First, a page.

As India celebrated the 125th birth anniversary of Bharat Mata’s most illustrious and valiant son, Netaji Subash Chandra Bose, with PM Modi unveiling his hologram statue at India Gate under the canopy where once stood the statue of King George V, in came the news of the demise of another great son of Bharat, Dr. R Nagaswamy the colossal giant of archaeology and epigraphy and an intellectual extraordinaire.
R Nagaswamy, a Padma Bhushan awardee was the first director of Tamil Nadu’s Department of Archaeology. He was 91 and is survived by two daughters and two sons. He passed away in his Besant Nagar residence at Chennai.
Nagaswamy was an authority in archaeology, architecture, epigraphy, numismatics, iconography, South Indian bronzes and Temple Agama shastras. He was passionate about preservation of ancient Temples, its rich cultural traditions. His advanced age did not deter him from writing books on archaeology and epigraphy. He was a master in Tamil, Sanskrit and Brahmi script. He was a postgraduate in Sanskrit from University of Madras and a PhD in Indian Arts from University of Pune. He served as the Director of Tamil Nadu’s Department of Archaeology from 1966 to 1988. The annual Chidambaram Natyanjali festival was pioneered by him in1980.
He leaves behind a reservoir of information and knowledge penned in the various books written by him like the Vedic Roots of Hindu Iconography, Vishnu Temples of Kanchipuram and Tirukkural an Abridgement of Sastras. He has also written books on Mamallapuram, Uttaramerur and Gangaikondacholapuram.
His expert views on South Indian history, Agamas, Temple architecture, Chola bronzes and Bharatanatyam are regarded very highly. He was one of the rare intellectuals who was intellectually honest to very boldly present his research evidence on the 2000 years old Tirukkural’s origins from the Vedic Shastras in contrast to the communist and evangelist spin doctored claim of Tirukkural having some imagined Dravidian or Biblical origins. In his interview with Rajiv Malhotra he even described how the famous saint-poet Tiruvaluvar’s Tirukkurals were a translation of the Manu Smriti.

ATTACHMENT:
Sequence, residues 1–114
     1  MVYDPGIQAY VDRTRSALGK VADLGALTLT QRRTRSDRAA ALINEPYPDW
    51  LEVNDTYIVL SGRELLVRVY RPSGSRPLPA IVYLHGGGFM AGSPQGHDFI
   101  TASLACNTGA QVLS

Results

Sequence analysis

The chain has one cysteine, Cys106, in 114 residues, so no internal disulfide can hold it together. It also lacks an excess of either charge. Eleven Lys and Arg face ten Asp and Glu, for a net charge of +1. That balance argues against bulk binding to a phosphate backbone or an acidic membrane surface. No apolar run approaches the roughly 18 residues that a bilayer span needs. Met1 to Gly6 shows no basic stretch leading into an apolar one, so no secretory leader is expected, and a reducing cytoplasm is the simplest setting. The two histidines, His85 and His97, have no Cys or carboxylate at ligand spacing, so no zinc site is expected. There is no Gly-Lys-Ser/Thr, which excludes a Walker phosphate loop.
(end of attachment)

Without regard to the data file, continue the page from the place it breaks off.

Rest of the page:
The very word archaeology evokes his image as he popularised archaeology by bringing out pocket books popular among children. He was instrumental in designing affordable tourism guides on ancient Temples and archaeological sites which made the subject of archaeology and Temple architecture popular among the masses.
Sri Iyer in his tribute in pgurus.com mentions that in Nagaswamy’s recent seminal work Dharma Yoga released in 2020 shows how the Greek coins had Greek inscriptions on one side and Brahmi inscriptions on the other. The said book also highlighted the striking similarities between Manu’s Dasa Lakshana of 1850 BCE and the Ten Commandments and the worship of Indra, Mitra (Sun God)were prevalent even after the advent of Christianity.
More importantly Nagaswamy’s unequalled expert evidence in London court in re Paththar Natraja idol case played a decisive role in bringing back the Natraja idol of Chola era to Tamil Nadu in 1990. His evidence in the Ramjanmabhoomi case also played a vital role in winning back the holy site after nearly 550 years of struggle.
He is also credited for protecting and preserving several historical monuments like the 1st Century Chera inscriptions at Puglar, the palace site of the Cholas at Gangaikonda Cholapuram, the famous 17th century Tirumalai Nayak Palace at Madurai, the 17th century Danish Fort at Tranquebar and the birthplace of the great freedom fighter poet Subramania Bharati at Ettayapuram besides excavating the palace site of Virapandya Kattabomman at Panchalankurichi.
Last but not the least, his life’s contributions can be summed up in his most influential book, “Tamil Nadu The Land of Vedas” which is a seminal work in the study of Tamil culture, Tamil Kings of the Sangam age adherence to the Dharma Shastras, Vedas, Vedangas. It thus established Tamil Nadu as the cradle of Vedic civilization demolishing the anti-Hindu narrative inventing a separate non-Vedic “Dravidian” identity. Personally, he was equally a very humble and modest person as he was an intellectual genius, ever so ready to help anyone who approaches him to seek his guidance for research on Indian archaeology and epigraphy.
Nagaswamy’s yeoman contribution to Tamil Archaeology has been recognised by various organisations. He has been honoured by the Government of Tamilnadu by the Kalaimamani award. He has also been conferred the Padma Bhushan award in 2018.
Naman to the great irreplaceable son of Bharat Mata who leaves behind a rich legacy and a very high benchmark for future generations of archaeologists, architects and epigraphists. Dr. R Nagaswamy is truly the uncrowned Bharat Ratna!
Om Shanti Sadgati.
Image Source: dr nagaswamy image – Bing images
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